Recreational fishing group LegaSea is urging Minister of Fisheries Stuart Nash to "stand firm" against industry pressure to dump the introduction of cameras and electronic monitoring on commercial fishing boats.

LegaSea is challenging industry claims that it is engaging in best practice fishing endeavours, and that cameras and other forms of monitoring are not required.

Dave Turner, director of fisheries management at the Ministry for Primary Industries, had been quoted saying, "We estimate that if we found the golden bullet to stop discarding, we would probably put over half of the inshore fleet out of business overnight."

That admission alone should be truth enough to continue with surveillance cameras, LegaSea spokesman Scott Macindoe said.


Mr Turner had gone on to say that fisheries management could not quantify the tonnages involved, but suspected they were significant to the point that they were impacting on stocks.

"When historical claims against the industry of dumping were investigated in 2013, MPI officials countered by announcing plans for a new electronic monitoring package to solve these systemic sins. Now it seems we are to forego even this," Mr Macindoe said.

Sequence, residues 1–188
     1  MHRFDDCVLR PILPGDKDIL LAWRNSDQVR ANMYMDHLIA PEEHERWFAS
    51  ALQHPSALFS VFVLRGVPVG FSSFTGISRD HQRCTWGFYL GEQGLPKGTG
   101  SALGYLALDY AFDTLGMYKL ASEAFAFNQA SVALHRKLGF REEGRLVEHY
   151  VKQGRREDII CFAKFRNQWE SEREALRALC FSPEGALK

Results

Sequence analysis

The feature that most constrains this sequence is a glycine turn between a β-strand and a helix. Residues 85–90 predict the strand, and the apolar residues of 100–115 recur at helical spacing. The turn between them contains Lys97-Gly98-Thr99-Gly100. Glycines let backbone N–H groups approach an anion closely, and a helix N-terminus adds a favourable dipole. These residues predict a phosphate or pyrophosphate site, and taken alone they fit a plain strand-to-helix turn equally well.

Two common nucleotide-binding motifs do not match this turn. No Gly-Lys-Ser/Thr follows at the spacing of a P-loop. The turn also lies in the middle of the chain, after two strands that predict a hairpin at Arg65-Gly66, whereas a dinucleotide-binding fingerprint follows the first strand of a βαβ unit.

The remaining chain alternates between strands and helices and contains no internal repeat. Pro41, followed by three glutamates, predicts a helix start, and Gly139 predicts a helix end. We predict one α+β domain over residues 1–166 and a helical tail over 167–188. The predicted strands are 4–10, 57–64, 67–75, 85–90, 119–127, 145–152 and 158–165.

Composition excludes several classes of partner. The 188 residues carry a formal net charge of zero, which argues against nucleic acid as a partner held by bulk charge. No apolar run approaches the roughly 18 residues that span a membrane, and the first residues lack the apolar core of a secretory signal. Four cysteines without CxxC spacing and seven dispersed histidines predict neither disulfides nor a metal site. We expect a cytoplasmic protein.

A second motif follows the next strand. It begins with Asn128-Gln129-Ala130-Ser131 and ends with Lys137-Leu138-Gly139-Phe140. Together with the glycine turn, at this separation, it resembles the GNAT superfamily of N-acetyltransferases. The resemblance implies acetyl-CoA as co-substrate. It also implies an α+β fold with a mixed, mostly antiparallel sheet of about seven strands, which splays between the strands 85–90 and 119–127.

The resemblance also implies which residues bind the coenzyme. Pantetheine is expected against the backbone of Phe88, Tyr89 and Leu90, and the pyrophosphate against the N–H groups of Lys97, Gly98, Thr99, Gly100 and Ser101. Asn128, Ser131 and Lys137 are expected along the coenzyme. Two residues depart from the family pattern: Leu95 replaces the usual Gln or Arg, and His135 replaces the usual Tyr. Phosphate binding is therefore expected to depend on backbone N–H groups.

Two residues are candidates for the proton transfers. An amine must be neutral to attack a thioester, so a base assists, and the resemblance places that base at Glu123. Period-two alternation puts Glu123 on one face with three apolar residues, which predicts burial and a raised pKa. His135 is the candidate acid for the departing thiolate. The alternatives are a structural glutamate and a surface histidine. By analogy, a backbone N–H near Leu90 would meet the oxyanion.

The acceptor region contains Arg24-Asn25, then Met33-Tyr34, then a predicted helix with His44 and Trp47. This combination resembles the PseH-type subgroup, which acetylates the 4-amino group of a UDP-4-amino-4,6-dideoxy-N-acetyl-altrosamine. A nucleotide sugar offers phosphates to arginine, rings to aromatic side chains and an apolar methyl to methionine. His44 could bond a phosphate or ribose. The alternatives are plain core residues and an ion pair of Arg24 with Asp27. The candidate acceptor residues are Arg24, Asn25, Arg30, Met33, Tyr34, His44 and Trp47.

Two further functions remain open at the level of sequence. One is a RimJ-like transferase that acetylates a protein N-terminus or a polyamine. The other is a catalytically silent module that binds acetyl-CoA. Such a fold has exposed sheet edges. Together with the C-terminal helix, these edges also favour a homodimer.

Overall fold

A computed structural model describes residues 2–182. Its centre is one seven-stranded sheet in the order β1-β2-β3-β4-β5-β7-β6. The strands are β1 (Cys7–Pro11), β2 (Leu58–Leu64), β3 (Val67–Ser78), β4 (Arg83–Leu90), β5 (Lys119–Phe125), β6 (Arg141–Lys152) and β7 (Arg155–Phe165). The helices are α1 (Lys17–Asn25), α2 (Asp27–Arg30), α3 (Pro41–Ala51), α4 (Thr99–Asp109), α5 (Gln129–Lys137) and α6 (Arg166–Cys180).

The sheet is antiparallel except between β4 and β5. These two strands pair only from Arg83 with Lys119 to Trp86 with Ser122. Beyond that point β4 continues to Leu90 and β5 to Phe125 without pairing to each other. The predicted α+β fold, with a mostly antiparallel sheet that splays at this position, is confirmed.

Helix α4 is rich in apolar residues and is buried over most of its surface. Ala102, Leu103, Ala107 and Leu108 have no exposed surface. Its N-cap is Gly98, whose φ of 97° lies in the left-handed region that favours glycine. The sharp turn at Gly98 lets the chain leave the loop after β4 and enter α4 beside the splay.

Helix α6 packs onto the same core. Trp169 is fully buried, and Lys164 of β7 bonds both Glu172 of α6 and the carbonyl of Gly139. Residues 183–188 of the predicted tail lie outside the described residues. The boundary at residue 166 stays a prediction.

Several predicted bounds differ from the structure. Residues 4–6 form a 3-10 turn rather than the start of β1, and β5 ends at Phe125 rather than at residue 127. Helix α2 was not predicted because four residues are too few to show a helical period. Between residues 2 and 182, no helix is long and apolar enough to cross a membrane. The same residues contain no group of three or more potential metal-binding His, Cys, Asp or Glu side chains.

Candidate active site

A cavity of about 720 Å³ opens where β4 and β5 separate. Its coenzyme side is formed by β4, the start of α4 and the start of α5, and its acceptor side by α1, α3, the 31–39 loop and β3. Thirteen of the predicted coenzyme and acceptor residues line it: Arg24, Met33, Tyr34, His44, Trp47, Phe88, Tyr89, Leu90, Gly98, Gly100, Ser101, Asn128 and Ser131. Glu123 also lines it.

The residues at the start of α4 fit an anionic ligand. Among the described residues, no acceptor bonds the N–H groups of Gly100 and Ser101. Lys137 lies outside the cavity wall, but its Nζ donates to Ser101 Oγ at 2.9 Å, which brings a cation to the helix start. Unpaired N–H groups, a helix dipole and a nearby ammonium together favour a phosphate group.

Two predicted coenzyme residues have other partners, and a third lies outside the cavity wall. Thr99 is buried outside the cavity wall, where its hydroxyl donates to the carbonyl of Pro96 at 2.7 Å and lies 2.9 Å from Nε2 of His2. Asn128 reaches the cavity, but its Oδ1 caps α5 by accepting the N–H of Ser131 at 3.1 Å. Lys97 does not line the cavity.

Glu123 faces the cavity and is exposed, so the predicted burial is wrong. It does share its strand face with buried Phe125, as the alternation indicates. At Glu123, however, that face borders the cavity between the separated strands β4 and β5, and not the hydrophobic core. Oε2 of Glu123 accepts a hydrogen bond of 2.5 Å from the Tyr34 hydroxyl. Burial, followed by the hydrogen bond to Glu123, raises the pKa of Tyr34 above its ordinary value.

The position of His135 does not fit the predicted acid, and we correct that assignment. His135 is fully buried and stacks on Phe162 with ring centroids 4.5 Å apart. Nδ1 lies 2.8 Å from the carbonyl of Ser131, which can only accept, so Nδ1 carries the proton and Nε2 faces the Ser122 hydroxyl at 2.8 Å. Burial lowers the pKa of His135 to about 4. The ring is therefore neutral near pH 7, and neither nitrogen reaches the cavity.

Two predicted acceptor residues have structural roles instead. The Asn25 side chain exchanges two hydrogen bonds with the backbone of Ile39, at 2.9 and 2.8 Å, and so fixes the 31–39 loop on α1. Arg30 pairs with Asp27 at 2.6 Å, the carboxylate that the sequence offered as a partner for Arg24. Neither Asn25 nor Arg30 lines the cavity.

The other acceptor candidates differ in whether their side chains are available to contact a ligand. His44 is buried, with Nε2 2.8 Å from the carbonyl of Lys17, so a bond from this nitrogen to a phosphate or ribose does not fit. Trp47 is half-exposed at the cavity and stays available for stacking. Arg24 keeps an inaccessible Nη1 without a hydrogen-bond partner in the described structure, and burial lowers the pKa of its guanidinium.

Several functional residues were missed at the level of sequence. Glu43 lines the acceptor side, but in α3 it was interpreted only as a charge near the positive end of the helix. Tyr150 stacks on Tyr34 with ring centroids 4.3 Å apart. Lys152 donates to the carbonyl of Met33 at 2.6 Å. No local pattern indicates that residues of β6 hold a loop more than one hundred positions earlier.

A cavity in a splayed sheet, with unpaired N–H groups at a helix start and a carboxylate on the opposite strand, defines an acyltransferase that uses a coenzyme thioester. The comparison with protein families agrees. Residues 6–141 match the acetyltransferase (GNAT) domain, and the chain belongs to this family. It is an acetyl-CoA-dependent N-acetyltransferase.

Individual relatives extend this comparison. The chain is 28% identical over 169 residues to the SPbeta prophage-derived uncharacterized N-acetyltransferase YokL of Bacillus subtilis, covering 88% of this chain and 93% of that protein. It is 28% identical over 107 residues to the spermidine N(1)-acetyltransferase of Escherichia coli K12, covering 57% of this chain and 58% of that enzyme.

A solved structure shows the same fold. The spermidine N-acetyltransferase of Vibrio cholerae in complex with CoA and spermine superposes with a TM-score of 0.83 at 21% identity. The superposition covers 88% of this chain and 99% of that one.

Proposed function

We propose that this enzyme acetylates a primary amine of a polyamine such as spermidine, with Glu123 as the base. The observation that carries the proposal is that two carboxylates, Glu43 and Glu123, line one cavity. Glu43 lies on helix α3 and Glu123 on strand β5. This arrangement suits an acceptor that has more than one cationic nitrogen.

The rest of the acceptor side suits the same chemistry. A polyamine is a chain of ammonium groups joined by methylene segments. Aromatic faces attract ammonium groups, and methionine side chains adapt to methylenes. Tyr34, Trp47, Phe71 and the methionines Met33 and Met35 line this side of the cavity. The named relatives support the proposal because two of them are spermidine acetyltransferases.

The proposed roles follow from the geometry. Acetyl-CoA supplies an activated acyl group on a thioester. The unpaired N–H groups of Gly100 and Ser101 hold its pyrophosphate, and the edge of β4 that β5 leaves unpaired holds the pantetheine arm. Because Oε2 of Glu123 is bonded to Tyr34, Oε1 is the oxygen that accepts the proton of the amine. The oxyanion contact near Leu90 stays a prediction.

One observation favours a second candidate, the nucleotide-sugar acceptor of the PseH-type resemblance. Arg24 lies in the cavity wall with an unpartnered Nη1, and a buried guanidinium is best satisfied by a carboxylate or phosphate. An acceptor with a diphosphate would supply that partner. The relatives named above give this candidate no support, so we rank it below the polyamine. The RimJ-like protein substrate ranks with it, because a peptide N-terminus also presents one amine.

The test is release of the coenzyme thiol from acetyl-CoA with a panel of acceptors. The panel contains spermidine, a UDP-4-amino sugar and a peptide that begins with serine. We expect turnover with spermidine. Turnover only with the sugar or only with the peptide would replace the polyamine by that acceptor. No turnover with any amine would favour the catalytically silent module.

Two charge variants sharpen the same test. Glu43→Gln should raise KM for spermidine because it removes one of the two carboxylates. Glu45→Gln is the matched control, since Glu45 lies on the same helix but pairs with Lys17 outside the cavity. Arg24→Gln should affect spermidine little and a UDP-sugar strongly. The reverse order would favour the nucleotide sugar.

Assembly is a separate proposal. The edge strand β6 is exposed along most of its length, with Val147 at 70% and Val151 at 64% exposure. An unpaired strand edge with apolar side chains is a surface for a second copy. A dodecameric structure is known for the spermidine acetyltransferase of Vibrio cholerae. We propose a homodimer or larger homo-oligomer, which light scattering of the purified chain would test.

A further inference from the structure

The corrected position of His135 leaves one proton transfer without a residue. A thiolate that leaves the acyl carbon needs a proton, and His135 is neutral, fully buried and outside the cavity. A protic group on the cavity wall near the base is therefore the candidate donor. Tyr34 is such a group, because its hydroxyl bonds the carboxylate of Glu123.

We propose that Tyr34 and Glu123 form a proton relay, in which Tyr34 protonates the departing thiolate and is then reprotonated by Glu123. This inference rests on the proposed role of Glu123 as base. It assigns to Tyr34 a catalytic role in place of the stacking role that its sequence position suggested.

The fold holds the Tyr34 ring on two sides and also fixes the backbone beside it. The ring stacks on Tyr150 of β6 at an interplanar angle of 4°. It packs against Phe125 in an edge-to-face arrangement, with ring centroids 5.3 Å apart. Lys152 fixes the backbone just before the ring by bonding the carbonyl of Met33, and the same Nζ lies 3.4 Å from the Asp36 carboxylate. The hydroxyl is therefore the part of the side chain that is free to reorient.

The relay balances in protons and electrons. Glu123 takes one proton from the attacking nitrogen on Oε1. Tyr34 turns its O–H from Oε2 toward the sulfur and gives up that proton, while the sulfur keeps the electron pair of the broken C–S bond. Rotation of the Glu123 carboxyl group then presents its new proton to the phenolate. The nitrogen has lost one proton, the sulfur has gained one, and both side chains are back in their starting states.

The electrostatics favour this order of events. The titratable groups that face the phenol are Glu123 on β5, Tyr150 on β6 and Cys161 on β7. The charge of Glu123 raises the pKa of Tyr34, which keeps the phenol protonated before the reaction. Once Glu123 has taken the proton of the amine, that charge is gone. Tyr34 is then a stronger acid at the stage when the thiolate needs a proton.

"While many boats are run professionally, there are fishers who operate illegally. They are difficult to catch, because offending is easily hidden far out at sea.

"These fishers give the industry a bad name, but worse still, they give the fishery a hiding.

This has to stop. The public are sick of it; the stocks can't sustain this kind of abuse, and unless these operators are exposed or forced to change their ways, everyone, including our kids will lose.

"We know that more seabirds are killed on boats with cameras than are reported killed on boats without direct observers in place," he added.

"We know from the Sea Around Us research that the industry dumps more fish than it lands. We know that the industry was happy to have cameras when they were run by its own privately-held company, and we know that the industry lost the footage recorded in the early trials.

"Cameras are the least we can do to protect our fisheries, our dolphins and our seabirds, and we strongly urge the Minister to make the right decision here.


"The industry needs reform. We've called for a Commission of Inquiry into the way our fisheries are managed, and we need to know what is going on aboard these vessels. After all, our fisheries are a public resource, and as such we all have kaitiakitanga obligations to fulfil.

"Recently we applauded the Minister for rejecting the industry call for camera footage to be withheld from public scrutiny. Now, sir, please put our fisheries first and follow through with both the implementation of the electronic monitoring package as well as a full and proper inquiry into the way our fisheries are being managed."